The Census Bureau said that new durable goods orders fell 2.0 percent in August, essentially offsetting the 1.9 percent increase seen in July. On a year-over-year basis, new orders have fallen 2.3 percent, highlighting the challenges faced by manufacturers over the past 12 months and the soft U.S. and global economic environment that have existed over much of that time. In August, much of the decrease came from the transportation sector (down 5.8 percent), with reduced demand for motor vehicles and parts (down 1.6 percent) and nondefense aircraft (down 5.9 percent) for the month. (Auto sales had jumped 4.9 percent in July, making August’s pullback less severe relatively; whereas, nondefense aircraft have declined for two straight months after soaring from the Paris Air Show in June.) Excluding transportation, new orders for durable goods were unchanged in August.
Looking more closely at the August data, new durable goods orders were mixed. Demand was greater for defense aircraft (up 5.1 percent), machinery (up 1.0 percent), other durable goods (up 0.8 percent) and primary metals (up 0.1 percent). These gains were counteracted, however, by decreased sales for fabricated metal products (down 1.8 percent), electrical equipment and appliances (down 0.6 percent) and computer and electronic products (down 0.2 percent).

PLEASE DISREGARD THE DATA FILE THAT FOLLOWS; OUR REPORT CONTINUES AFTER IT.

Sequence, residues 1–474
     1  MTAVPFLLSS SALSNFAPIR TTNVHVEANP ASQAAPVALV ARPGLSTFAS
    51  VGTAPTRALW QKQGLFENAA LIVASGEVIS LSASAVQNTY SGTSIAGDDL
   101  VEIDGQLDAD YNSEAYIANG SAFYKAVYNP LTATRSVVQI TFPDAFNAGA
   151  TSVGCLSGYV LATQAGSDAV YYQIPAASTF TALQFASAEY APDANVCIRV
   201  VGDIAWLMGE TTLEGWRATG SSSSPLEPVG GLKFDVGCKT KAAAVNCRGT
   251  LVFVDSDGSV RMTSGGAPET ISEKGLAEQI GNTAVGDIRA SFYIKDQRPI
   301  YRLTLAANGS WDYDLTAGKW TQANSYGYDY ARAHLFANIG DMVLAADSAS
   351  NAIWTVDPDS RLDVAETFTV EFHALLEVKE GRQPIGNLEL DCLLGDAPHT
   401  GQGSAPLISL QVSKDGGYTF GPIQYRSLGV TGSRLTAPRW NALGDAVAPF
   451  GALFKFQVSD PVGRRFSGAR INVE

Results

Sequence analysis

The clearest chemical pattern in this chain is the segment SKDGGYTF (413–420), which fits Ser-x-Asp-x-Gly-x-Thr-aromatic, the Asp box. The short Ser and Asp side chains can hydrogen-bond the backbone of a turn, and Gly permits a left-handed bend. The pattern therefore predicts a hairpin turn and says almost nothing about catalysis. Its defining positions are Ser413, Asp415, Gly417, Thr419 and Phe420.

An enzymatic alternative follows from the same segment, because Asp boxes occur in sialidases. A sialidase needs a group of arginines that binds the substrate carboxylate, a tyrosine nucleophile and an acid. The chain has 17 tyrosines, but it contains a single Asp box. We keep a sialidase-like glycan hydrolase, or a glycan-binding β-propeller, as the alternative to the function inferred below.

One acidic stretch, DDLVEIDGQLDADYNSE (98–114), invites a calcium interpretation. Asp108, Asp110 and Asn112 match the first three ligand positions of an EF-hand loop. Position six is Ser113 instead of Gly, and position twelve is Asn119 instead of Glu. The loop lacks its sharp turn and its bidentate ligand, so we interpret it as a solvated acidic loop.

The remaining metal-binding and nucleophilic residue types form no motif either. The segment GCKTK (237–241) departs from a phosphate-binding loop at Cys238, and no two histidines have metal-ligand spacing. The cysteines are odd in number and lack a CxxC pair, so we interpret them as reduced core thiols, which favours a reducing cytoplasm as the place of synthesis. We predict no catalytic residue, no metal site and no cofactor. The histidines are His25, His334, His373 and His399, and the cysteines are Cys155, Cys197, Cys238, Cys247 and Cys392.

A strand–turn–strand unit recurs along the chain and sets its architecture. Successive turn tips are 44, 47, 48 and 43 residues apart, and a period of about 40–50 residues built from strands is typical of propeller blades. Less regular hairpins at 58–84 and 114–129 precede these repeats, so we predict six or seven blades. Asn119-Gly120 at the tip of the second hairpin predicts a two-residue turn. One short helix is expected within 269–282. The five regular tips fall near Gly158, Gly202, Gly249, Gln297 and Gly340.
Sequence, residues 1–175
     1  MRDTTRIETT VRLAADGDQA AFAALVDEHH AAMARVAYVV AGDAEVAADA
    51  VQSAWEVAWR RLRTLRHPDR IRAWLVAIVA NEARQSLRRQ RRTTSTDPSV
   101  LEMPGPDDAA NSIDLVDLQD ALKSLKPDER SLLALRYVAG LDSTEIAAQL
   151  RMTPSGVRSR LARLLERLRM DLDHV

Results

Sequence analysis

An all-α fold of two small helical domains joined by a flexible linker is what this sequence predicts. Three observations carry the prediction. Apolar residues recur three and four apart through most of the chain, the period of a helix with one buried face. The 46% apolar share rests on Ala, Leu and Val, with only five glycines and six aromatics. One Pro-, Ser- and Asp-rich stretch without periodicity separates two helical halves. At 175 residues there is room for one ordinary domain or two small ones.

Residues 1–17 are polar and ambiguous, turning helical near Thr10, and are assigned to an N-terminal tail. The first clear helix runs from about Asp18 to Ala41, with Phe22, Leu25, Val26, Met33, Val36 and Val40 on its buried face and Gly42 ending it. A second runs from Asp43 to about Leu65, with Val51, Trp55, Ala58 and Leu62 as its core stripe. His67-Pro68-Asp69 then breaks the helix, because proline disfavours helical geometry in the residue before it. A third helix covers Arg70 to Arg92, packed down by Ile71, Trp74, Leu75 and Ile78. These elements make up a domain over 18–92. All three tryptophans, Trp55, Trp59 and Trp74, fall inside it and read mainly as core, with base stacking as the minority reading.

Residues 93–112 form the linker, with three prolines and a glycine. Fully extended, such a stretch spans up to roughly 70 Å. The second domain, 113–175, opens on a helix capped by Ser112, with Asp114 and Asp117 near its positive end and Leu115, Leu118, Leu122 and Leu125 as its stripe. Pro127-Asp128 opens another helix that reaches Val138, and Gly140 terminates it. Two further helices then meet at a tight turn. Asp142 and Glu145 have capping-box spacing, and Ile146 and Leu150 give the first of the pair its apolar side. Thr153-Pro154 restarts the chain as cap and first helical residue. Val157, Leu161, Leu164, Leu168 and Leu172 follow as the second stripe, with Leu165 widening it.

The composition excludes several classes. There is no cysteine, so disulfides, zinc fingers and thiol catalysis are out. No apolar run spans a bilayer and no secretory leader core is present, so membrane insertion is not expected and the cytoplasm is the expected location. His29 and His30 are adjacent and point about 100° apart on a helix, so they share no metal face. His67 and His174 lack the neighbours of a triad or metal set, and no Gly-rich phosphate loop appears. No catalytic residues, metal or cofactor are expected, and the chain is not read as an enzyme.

Meanwhile, shipments of durable goods were also unchanged in August, slowing after two consecutive months of increases. Nondefense aircraft (up 10.5 percent), computer and electronic products (up 0.8 percent), machinery (up 0.5 percent) and other durable goods (up 0.1 percent) each experienced more shipments for the month. At the same time, there were fewer shipments for defense aircraft (down 4.0 percent), electrical equipment and appliances (down 1.9 percent), motor vehicles and parts (down 1.4 percent) and primary metals (down 1.0 percent. In contrast to decreased new orders year-over-year, shipments have edged marginally higher over the past 12 months, up 0.9 percent. Yet, that figure also suggests weaker-than-desired growth for the manufacturing sector.
Chad Moutray is the chief economist, National Association of Manufacturers.
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